Medicine Crow Middle School in Billings, Montana

Photo courtesy of Metal Sales/Lara Swimmer

When designing the Medicine Crow Middle School in Billings, Montana, the community was interested in a resilient space that could provide a minimum lifespan of at least 50 years. Sustainable metal wall panels were designed as a durable and aesthetically interesting solution while meeting sustainability and energy goals for the exterior envelope.

Significantly factoring into this are maintenance costs, with owners spending 3.5 percent of total installed costs on maintenance versus 28.5 percent for asphalt roofs and 19 percent for single-ply, according to BOMA.

Furthermore, metal roofs and panels are light weight for easier installation and reduce the structural load on the building, resulting in a lower environmental footprint and building costs.

In an Environmental Building News article, “Cladding: More than Just a Pretty Facade,” Brent Ehrlich, LEED AP BD+C, product and materials specialist, BuildingGreen, points out that metal panels can be anodized to improve corrosion resistance and coated, which enhances durability and resistance to dirt accumulation. “Because metal claddings are lightweight, rainscreen systems that employ them can use smaller clips, resulting in less thermal bridging and better overall thermal performance for the building,” he writes.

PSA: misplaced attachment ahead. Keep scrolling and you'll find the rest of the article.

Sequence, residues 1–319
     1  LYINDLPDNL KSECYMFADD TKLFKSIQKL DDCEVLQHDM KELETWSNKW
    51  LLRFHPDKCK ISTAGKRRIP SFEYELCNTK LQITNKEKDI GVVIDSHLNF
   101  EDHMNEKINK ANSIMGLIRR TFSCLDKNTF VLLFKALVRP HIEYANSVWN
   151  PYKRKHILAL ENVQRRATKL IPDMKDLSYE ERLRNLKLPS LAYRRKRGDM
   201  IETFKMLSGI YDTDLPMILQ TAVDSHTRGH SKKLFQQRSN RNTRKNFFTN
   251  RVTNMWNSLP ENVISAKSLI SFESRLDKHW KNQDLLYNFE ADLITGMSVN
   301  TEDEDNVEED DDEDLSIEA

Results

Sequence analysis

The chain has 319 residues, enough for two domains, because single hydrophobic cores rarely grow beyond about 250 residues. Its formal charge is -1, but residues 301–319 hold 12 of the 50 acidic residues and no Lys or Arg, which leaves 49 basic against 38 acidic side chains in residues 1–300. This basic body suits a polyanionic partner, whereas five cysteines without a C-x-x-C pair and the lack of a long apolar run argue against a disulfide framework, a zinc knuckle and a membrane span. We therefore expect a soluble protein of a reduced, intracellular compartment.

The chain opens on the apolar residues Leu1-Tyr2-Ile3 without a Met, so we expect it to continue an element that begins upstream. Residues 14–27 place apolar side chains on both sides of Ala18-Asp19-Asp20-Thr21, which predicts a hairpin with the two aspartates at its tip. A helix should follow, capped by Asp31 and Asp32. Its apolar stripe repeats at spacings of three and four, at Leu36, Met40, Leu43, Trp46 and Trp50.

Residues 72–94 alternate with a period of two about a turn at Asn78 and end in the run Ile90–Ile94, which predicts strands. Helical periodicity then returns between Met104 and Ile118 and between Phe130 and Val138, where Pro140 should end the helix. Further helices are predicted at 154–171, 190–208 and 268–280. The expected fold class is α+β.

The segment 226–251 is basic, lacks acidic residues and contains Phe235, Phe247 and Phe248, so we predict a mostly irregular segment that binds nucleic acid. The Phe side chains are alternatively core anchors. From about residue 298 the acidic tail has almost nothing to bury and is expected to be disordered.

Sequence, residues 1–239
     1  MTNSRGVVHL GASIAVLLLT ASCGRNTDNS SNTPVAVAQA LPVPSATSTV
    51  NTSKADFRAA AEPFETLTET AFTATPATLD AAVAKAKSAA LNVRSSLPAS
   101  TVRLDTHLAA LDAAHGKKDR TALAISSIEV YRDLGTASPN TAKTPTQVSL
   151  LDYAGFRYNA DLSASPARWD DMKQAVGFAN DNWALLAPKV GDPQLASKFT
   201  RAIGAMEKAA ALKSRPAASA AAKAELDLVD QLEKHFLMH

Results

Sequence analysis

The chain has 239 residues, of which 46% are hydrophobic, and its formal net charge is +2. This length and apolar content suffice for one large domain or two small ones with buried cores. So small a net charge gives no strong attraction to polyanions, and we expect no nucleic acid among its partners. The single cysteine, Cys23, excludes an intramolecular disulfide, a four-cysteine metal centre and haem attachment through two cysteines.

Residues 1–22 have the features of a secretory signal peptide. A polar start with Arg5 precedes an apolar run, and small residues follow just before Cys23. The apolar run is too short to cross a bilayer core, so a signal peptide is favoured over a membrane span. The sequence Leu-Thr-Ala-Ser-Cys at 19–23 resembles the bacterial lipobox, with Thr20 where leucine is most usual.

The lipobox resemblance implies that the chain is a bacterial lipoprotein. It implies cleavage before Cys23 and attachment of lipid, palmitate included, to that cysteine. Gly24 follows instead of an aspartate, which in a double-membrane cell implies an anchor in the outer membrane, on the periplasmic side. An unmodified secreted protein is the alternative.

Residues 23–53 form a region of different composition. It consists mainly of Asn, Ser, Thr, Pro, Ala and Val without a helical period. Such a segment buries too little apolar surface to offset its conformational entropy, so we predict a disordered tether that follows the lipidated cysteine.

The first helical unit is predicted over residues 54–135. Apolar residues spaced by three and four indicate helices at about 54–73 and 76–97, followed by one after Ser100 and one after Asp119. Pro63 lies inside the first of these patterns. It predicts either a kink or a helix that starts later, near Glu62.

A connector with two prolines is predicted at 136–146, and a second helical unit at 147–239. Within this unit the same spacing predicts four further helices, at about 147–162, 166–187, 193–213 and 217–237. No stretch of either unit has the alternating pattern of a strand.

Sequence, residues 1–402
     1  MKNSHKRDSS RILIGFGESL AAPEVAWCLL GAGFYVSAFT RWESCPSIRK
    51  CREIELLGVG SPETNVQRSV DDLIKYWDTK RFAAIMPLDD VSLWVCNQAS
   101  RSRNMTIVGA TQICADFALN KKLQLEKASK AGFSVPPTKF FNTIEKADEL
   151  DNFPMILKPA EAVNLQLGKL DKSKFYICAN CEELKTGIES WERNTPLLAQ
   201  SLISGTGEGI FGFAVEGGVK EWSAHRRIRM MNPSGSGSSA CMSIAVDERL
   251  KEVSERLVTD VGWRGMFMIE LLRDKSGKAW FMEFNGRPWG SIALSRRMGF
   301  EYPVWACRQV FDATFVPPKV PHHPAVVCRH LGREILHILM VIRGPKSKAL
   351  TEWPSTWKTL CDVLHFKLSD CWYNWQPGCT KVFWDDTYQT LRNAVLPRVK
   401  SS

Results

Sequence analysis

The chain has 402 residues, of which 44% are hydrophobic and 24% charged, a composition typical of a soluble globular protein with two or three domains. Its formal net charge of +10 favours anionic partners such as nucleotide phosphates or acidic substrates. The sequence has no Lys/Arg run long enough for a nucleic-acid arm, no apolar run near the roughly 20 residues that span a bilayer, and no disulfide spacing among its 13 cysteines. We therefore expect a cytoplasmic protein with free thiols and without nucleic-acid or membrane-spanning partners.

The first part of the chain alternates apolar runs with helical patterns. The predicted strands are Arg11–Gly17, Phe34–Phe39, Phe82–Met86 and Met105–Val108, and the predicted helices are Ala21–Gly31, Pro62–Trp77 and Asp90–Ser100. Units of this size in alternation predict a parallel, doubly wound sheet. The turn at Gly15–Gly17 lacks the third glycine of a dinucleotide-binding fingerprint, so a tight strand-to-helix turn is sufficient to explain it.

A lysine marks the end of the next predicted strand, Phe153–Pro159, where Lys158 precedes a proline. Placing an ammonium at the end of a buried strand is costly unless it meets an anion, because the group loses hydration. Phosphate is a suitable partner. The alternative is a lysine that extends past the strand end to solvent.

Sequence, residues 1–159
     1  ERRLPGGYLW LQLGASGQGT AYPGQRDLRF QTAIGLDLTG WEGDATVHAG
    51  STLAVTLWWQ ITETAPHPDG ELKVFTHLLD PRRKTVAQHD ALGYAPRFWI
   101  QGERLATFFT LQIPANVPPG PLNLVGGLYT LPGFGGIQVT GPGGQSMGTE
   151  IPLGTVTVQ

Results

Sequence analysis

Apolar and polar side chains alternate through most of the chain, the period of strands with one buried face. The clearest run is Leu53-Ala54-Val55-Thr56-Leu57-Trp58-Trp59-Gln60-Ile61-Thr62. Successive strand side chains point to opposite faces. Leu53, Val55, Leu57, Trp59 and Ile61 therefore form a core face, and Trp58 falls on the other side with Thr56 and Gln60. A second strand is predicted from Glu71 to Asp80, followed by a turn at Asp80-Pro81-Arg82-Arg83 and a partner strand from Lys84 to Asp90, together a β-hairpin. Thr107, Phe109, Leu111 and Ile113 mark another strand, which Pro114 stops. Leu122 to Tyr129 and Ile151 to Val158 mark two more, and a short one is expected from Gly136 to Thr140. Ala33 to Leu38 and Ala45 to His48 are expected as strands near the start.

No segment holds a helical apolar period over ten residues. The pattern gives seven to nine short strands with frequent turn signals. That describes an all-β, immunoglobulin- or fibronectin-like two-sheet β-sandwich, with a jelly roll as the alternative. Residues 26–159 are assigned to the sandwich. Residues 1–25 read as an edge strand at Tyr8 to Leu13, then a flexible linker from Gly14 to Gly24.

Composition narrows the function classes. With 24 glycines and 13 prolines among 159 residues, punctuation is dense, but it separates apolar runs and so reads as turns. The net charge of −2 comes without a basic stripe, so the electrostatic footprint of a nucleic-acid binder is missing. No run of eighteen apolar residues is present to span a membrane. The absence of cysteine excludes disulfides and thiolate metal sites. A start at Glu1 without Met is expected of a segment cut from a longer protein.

As a highly recyclable material, end-of-life metal roofs rarely go to the landfill, as compared to an Environmental Production Agency estimation of 11 million tons of asphalt shingles ending up in landfills every year.

Incidentally, steel can be “multi-cycled” with no loss of material attributes, which makes steel the first and only true cradle-to-cradle building cladding, roofing, and framing material. Furthermore, steel enjoys superior water resource management with a 95 percent water recycling rate—with no external discharges—producing a net consumption of 70 gallons per ton.

Another important point is that metal roof and wall cladding systems are custom-engineered and produced for each building project to exact specifications, which means that the metal and other building details are fully optimized (i.e., not wasted) during fabrication and construction.

Furthermore, metal building providers typically have multiple production facilities around the country, making regionally sourced materials frequently available.

 

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Originally published in Architectural Record